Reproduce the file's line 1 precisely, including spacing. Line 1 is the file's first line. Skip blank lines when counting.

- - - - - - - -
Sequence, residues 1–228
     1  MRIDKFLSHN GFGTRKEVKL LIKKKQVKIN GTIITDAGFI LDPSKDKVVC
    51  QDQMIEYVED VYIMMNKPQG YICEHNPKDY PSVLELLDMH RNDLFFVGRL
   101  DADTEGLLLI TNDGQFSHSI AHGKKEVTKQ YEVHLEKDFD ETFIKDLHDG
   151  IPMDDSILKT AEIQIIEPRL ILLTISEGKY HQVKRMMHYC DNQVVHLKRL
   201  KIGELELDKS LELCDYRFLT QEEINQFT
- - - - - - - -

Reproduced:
Sequence, residues 1–228